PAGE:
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Are we a society that throws stones?

Mar. 28, 2013 @ 11:20 PM

My pastor recently preached a superb sermon, based on John 8:1-11, about throwing stones. Widely accepted as authentic, the account is not found in the earliest extant manuscripts of the New Testament, but it is beloved by many believers.

It's the story of the woman caught in the act of adultery. She is dragged into the temple and used as an "object" by the scribes and Pharisees to test Jesus. Jesus comes to her defense, writes an unknown message in the sand, and her accusers "drop their stones" and quietly slip away.

Jesus said to her, "Woman, does no one accuse you?" She looks around and replies, "No one, Lord." Then Jesus says, "Neither do I condemn you. Go and sin no more."

What is so important to remember about this story is that, according to the law, the woman was to be stoned to death! Jesus made it very clear that those who are without sin should be the first to cast the stones. And, conversely, those who recognize that they too are sinners should examine their own consciences and, as a result, refrain from casting stones.

What a lesson, especially for our society. Almost daily, we hear from folks who, it appears, believe they are without sin -- righteous and holy -- and consider it their responsibility to "set straight" those whom they consider sinners. They eagerly criticize those who believe and act differently than they do.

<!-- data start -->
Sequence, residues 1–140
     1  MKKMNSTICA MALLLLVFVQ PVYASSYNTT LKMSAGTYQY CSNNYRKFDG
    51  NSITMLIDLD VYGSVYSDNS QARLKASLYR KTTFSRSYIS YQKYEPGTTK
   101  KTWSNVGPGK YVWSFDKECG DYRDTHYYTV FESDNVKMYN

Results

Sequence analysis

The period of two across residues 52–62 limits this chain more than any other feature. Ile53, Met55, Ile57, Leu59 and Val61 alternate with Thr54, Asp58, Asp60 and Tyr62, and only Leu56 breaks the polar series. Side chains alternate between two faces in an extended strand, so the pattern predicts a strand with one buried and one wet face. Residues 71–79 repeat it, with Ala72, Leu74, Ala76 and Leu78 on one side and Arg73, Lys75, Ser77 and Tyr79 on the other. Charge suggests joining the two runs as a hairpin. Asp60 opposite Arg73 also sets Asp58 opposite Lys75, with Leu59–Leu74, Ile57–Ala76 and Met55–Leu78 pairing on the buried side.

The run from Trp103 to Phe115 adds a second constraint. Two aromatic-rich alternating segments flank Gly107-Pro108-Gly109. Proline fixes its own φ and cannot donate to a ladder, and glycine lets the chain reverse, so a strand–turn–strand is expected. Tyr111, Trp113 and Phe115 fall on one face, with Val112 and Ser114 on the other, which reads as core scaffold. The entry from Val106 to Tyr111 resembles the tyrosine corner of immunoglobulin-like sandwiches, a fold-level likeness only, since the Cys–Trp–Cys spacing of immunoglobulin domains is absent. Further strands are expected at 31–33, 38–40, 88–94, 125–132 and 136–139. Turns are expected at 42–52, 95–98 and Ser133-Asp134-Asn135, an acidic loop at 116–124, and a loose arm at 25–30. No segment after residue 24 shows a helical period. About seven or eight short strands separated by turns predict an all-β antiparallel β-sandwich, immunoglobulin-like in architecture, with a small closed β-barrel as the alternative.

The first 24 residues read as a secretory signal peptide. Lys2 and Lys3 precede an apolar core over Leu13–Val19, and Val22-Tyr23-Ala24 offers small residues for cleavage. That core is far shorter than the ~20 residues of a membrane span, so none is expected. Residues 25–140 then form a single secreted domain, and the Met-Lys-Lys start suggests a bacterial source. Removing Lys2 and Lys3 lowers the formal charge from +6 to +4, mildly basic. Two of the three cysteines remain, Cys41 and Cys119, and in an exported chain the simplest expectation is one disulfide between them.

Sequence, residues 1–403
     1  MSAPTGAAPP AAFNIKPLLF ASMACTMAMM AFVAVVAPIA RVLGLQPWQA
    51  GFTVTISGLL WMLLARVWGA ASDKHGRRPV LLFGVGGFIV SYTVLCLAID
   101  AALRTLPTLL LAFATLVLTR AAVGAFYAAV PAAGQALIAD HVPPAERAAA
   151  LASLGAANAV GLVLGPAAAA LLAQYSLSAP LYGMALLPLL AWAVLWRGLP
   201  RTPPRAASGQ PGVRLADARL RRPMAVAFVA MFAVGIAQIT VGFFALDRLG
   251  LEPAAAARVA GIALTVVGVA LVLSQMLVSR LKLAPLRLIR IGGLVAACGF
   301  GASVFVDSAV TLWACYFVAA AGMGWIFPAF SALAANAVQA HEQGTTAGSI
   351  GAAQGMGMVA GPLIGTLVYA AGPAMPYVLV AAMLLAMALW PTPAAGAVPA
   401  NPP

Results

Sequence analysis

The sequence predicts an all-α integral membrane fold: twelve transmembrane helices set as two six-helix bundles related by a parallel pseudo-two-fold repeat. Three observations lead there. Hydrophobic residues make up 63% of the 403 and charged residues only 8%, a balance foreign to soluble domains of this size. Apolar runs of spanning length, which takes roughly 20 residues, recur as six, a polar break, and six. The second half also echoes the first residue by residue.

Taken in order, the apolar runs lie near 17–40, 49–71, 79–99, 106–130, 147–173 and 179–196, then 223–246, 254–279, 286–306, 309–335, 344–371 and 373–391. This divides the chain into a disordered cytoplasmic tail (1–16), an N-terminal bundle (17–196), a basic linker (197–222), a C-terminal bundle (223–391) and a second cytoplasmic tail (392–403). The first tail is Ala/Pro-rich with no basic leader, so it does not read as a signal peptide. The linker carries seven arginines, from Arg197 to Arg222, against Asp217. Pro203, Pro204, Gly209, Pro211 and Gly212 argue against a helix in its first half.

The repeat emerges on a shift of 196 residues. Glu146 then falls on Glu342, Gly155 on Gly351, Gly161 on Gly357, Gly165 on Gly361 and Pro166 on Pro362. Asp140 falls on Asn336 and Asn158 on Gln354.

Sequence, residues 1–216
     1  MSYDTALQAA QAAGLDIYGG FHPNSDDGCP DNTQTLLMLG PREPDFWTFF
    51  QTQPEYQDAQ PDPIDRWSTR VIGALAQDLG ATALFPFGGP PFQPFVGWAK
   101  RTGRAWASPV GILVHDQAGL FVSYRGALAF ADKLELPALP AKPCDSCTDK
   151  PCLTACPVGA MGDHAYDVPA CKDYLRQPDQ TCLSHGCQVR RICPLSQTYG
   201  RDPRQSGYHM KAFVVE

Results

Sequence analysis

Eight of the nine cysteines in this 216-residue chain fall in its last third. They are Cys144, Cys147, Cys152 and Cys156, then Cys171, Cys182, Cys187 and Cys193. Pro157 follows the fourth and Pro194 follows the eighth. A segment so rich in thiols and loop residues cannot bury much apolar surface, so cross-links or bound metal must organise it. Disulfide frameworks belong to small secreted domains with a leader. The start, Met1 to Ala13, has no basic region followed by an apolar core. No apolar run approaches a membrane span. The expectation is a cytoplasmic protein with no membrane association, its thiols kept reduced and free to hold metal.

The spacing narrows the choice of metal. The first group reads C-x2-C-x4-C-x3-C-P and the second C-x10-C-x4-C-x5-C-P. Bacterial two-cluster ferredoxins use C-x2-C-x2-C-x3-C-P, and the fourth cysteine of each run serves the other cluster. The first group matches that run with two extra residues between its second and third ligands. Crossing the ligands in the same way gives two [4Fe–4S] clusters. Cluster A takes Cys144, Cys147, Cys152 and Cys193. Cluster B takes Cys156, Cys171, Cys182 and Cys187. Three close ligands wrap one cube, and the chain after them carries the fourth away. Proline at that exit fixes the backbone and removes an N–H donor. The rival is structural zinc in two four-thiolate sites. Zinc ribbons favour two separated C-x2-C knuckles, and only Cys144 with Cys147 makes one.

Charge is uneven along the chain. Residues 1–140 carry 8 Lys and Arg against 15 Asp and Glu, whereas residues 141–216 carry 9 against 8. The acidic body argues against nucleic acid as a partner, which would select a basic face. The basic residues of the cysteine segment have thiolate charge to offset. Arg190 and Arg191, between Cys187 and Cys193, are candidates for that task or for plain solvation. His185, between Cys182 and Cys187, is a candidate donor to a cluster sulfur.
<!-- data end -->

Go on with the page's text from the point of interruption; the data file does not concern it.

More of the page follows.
While the pastor was obviously applying the lessons of this occasion to those of us who were sitting in the pews, I could not keep from wondering if we have become a stone-throwing society. It seems almost fashionable for some Christians to seek out and throw stones at people who do not measure up to their "sinless -- righteous and holy -- standards." Never mind that they, themselves, have concealed "sin" in their lives!

I am reminded of a lady in one of my churches who did not believe that women should serve as deacons in the church; that is, until she was asked by the church to serve as a deacon. Without hesitation, she agreed to do so. Being the kind of person I am, of course, I asked her how she could agree to become a deacon in the church when she felt so strongly that women shouldn't serve as deacons. She said to me, "Well, God won't mind in my case!"

Somehow I believe that God really does "mind" when we hold others to a higher standard than we set for ourselves. I think God is displeased when we who are laden down with our own burdens pile burdens onto the backs of others. Only when we are without sin should we feel free to single out and throw stones at those people we perceive to be sinners.

The message came through loudly and clearly. Even if the passage is questionable, its lessons are not. It's not a good idea for any of us to throw stones.

Milt Hankins of Ashland, Ky., is a retired minister, theologian and freelance writer.

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